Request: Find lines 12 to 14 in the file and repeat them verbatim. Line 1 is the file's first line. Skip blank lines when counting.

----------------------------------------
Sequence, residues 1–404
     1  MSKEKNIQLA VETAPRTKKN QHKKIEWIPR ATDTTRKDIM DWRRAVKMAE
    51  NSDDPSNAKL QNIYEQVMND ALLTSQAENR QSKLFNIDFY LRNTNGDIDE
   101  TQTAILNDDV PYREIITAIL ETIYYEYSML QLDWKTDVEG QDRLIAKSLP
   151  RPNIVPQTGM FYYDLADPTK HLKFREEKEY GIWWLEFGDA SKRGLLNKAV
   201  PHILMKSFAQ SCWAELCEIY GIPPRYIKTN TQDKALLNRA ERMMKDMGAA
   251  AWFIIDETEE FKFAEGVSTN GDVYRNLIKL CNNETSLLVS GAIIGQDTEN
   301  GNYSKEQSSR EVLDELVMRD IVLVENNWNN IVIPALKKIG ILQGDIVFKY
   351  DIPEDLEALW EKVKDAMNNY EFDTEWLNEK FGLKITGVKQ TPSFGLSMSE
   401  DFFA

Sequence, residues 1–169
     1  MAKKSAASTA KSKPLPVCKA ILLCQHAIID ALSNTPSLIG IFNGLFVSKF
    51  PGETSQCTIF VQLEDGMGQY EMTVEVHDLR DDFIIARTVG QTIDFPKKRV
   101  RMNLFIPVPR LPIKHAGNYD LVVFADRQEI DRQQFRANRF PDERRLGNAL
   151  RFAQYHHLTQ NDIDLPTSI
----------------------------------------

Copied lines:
     1  MAKKSAASTA KSKPLPVCKA ILLCQHAIID ALSNTPSLIG IFNGLFVSKF
    51  PGETSQCTIF VQLEDGMGQY EMTVEVHDLR DDFIIARTVG QTIDFPKKRV
   101  RMNLFIPVPR LPIKHAGNYD LVVFADRQEI DRQQFRANRF PDERRLGNAL